What a terrible week it has been for everyone. If you would like to know more about what happened in Charlottesville, Vox has you covered. If you’d like to read some books for background, I suggest starting with these. And if you would like to read something hopeful about being creative in the face of destruction, we’ve got that too.
If you would like to just spend some time thinking about books and their craft, you are in the right place. Welcome to the Vox weekly book link roundup, a curated collection of the best writing on the internet about books and related subjects. Here’s the best the internet has to offer for the week of August 13, 2017.
- Several years ago, the Chinese novelist Liu Yongbiao wrote a book called The Guilty Secret (clue number one), and in the preface said he wanted to write a crime novel about a writer who commits a string of murders and is never caught (clue number two). Last week, he was arrested for murder:
According to The Paper, a news website, Mr. Liu was arrested early Friday at his home in Nanling County in the eastern province of Anhui.
“I’ve been waiting for you here all this time,” Mr. Liu reportedly said to the police when they arrived at his house.
- The New York Times magazine explains how writer Rebecca Solnit became a progressive icon:
Strange as it is to say, Solnit’s newfound popularity reveals more about her readers than it does her. That the book, and her other suddenly timely work, was not written in the last several months, but rather years prior, makes its ideas seem even truer, giving it the veneer of sacred text. She has become a Cassandra figure of the left, her writing, which seems magically to have long ago said the things that many Americans now most want to hear, consumed as both balm and rallying cry.
- Karl Ove Knausgaard did the New York Times’s “By the Book” interview and, as is his wont, got philosophical with his responses:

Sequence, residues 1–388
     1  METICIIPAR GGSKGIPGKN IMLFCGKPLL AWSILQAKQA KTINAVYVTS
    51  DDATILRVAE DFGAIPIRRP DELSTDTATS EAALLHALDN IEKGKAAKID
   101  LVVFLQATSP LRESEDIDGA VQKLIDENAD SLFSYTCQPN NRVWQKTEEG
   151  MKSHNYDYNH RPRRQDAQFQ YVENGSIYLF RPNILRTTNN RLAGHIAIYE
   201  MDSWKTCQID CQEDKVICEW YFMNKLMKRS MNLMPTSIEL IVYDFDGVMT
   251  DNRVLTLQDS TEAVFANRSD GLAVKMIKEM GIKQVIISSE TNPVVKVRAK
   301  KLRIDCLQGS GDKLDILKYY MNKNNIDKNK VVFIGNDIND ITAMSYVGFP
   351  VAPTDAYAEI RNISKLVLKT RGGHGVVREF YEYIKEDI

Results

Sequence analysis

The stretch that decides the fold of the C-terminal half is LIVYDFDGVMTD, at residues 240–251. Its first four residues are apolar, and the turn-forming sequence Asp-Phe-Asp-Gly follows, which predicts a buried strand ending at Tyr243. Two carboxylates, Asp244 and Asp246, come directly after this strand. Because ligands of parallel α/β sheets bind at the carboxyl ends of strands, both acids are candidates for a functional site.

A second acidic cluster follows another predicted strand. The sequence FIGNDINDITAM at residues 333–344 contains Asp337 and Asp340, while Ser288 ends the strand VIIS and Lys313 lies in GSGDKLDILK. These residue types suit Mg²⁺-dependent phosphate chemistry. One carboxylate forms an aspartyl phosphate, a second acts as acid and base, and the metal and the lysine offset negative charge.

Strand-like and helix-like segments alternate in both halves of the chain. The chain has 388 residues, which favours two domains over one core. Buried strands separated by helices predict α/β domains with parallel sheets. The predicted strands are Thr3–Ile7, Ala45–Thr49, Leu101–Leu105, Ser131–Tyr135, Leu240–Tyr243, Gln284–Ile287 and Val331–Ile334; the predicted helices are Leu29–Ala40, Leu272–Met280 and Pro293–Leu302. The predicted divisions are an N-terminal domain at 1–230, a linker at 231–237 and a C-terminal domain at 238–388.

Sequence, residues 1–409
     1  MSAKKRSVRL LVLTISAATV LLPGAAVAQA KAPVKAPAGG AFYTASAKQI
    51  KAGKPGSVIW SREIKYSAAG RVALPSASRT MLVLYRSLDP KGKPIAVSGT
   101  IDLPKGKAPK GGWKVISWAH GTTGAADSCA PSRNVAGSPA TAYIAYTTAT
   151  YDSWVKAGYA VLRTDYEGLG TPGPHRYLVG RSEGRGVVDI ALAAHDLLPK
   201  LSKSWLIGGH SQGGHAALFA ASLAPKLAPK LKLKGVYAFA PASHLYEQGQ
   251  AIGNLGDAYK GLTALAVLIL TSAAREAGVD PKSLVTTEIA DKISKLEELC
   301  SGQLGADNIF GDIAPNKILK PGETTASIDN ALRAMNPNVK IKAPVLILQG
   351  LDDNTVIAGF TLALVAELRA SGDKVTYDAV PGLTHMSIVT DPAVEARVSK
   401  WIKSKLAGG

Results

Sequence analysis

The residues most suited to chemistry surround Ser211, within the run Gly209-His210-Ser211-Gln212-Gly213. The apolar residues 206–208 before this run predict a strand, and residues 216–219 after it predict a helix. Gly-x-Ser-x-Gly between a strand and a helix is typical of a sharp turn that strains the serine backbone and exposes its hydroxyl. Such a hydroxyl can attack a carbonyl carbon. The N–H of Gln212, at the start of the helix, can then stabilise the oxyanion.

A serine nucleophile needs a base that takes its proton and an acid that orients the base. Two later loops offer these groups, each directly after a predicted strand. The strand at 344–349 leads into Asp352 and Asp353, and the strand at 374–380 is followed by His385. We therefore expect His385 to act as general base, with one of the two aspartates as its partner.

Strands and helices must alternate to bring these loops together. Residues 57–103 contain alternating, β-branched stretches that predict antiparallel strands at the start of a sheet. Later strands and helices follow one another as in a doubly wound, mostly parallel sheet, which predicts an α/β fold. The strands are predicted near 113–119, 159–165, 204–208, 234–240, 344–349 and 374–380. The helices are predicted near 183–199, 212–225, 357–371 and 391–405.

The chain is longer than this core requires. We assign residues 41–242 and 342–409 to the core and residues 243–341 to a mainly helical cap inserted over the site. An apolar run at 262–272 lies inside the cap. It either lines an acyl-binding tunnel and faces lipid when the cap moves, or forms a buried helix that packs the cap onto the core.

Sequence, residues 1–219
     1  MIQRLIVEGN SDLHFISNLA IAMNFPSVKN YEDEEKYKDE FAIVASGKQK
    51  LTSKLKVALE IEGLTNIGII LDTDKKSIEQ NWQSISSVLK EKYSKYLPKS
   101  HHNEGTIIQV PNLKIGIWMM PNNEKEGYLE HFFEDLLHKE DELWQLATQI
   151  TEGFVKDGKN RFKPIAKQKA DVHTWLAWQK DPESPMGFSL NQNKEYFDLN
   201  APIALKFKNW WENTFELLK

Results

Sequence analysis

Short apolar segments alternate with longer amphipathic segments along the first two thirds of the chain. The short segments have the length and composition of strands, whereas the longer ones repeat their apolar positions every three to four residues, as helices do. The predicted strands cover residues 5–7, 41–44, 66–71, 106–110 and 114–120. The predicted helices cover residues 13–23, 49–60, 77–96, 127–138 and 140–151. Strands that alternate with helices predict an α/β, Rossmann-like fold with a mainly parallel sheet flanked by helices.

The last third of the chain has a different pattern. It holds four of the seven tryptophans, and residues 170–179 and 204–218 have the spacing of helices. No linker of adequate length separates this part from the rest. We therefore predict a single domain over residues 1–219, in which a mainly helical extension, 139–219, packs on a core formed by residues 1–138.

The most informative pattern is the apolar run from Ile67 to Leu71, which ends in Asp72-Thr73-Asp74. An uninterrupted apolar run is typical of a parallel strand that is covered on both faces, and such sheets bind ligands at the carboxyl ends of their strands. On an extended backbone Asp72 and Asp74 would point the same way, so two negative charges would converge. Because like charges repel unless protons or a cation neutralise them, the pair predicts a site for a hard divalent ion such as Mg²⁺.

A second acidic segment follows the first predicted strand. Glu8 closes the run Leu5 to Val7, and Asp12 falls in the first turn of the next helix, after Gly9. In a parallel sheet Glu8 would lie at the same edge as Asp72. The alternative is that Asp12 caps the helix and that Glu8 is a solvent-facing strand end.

The act of seeing involves the whole body and all the other senses — it is not an abstract enterprise, but very physical — and that the things observed always come together in the brain with a delay, so that we basically live in the past. Everything we see has already happened. And finally, that the feeling of flow we all know, when we are so deeply immersed in something that we lose track of time and who we are, has a neurological explanation: In a state of flow, the activity in the frontal lobe is reduced, it is almost shut down — and it is in the frontal lobe the ability for abstract thinking situated, the planning for the future and the sense of self. Everything that makes us human, in other words, and that makes perfect sense: You lose yourself and sink into a state of pure being, like an animal — belonging to the world, not to yourself.
- Speaking of the New York Times! Remember how Michiko Kakutani is leaving her role as chief book reviewer? New York magazine suggests that her departure may not have been entirely of her own volition:
Whatever it was she was looking for at the Times, it wasn’t available. Under all these circumstances — a new boss demanding uncomfortable levels of team spirit, a lateral promotion denied — the buyout is perceived by some Times staff members as something short of completely voluntary. “There was a ‘didn’t play well with others’ aspect” to her departure, says one friend. If Kakutani jumped, there was a wind at her back. It must have been pretty strong.
- At LitHub, Maggie Downs explains the deep appeal of the Silent Book Club:
The moment I heard about Silent Book Club, I got it. Here was an opportunity to be social but to also reconnect with my reading life. Time to relax in a bar without a stranger interpreting my book as an invitation to chat. A chance to read something beyond Dragons Love Tacos.
- Also at LitHub, Erica Trabold attempts to visit Montaigne’s chateau:
If my life is an essay, this trip is a transition, the small but necessary scaffolding that structures days. I am moving away from student and toward writer, France representing the inbetweeness of my present. There’s a question I want to answer: How does an essayist live inside her own walls? I want to touch them. I need to see.
- The house that was used in the Harry Potter movies as Harry Potter’s parents’ place in Godric’s Hollow is for sale for just under a million pounds. Apparently it was also the house where the sister and youngest brother of Charles II and James II were kept under house arrest in the 17th century. Whoever buys that one can have some sweet theme parties.
- At Atlas Obscura, Zoe Baillargeon tells the story of how a single word from a dying language became internet famous — but lost much of its original meaning in the process:
“A look shared by two people, each wishing that the other would initiate something that they both desire but which neither wants to begin.” Okay, now say that in one word.
Hard to distill, isn’t it?
But one word does exist to define this nebulous concept, a term originating from the highly endangered Yaghan language: Mamihlapinatapai.